Lady Emma Hamilton was the talk of the town. Her beauty won over the hearts of Europe. She became a celebrity after her performances of posed ‘attitudes' inspired many artists and unfortunately one too many married men. After cheating on her husband (Sir William Hamilton) with household hero (Nelson) Emma thought she would reach the highest social status but her plan backfired. Her fall from grace left her branded as the common mistress of Lord Nelson. Her affair turned into a public scandal and the plan quickly unraveled... 

Director Michael Oakley has this premiere by its tail. The play follows Emma Hamilton's timeline. It tells the story well without feeling like a history lesson. In act one a young Emma Hamilton in 1798 is played by Rose Quentin. She transforms Emma Hamilton from a shy painting girl, into a woman that commands every space she enters. While she's beautiful and speaks of it often. She's wounded by her past and Rose Quentin plays beautifully in such an intimate space. Rose's real-life mother Caroline Quentin plays her mother Mrs Cadogan. A commoner who encouraged her daughter to make her place in the world. Emma was born into poverty as the daughter of a Cheshire blacksmith. At an early age, Emma moved away to London to work as a prostitute on Brewer Street. She eventually made her way into a marriage with Sir William Hamilton, the British Ambassador. 

Her mother has concerns about Emma's ambitions and tries to discourage her despite living in her daughter's luxury. The two have an interesting power struggle but ultimately Emma doesn't listen to her mothers advice. The arguments are nicely broken up by Emma's servant Vincenzo, played fiercely by Riad Richie. He fawns over Lady Hamilton, their open flirting with each other reflects her risky character and forecasts what's to come.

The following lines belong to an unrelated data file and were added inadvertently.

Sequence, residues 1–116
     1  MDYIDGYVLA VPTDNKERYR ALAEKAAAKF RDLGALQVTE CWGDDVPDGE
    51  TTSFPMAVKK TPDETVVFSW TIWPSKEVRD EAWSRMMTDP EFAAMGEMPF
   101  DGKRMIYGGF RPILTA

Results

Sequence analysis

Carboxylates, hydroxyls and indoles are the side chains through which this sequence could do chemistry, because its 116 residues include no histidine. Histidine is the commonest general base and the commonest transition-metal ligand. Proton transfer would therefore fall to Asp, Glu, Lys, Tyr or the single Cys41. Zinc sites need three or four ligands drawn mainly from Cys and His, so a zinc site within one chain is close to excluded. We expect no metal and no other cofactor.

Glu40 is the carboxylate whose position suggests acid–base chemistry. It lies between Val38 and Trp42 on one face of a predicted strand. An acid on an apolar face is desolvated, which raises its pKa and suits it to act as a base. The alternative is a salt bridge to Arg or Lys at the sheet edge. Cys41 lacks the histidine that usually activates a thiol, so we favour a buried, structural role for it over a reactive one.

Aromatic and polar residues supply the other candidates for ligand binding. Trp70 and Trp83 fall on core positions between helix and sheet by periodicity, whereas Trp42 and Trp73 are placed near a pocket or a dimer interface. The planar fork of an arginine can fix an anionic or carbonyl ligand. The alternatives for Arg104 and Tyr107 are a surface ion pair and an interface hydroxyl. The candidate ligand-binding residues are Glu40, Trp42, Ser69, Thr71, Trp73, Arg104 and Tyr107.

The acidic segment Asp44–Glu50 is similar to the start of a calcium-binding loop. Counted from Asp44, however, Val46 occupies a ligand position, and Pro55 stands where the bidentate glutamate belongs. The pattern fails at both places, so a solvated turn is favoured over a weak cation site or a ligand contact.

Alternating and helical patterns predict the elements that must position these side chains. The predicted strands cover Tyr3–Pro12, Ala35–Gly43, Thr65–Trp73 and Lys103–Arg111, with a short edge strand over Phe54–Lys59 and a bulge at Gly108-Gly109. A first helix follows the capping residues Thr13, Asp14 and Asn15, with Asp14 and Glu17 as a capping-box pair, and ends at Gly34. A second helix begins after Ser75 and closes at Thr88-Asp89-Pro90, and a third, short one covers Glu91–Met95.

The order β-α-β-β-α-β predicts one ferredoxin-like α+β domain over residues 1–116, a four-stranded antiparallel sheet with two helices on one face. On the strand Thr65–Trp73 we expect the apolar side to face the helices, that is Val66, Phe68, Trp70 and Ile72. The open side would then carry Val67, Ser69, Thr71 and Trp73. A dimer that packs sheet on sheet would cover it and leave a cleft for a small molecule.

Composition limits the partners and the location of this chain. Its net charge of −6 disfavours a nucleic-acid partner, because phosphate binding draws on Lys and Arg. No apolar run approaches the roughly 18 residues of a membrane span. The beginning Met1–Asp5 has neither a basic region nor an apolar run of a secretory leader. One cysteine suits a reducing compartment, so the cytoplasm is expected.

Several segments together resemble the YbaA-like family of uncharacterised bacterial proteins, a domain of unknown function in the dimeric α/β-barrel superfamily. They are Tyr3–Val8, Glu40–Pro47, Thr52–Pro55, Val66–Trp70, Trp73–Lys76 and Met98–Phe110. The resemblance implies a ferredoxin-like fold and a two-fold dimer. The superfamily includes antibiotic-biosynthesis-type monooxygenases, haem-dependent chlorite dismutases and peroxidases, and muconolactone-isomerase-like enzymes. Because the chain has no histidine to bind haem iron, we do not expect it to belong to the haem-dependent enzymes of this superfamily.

Caroline Quentin plays an older Emma Hamilton in Act Two as we open in 1815. Immediately upon her entrance into a dilapidated barn, the audience are laughing. The young lustrous Emma from Act One is no more. Rose Quentin assumes the role of Emma Hamilton's love child. It's witty. The Quentins play so beautifully with the push and pull of the complex relationship. The actresses have a knack for comedy and the momentum doesn't drop despite the wordy text. 

The set by Fotini Dimou was impressively transformative despite it being such a small space. The fall from luxury is abundantly clear as Act Two opens. The costumes are also well-suited to the set. The transitions between scenes slowed down the show at times but it got smoother. 

Emma Hamilton is posed in her ‘attitude of despair' in the National Gallery. The painting by George Romney captures her beauty and allure but April De Angelis pulls her out of the painting and gives her the opportunity to tell her own story.

It runs until 7 October.

Review: Nicole Botha           Photo: Steve Gregson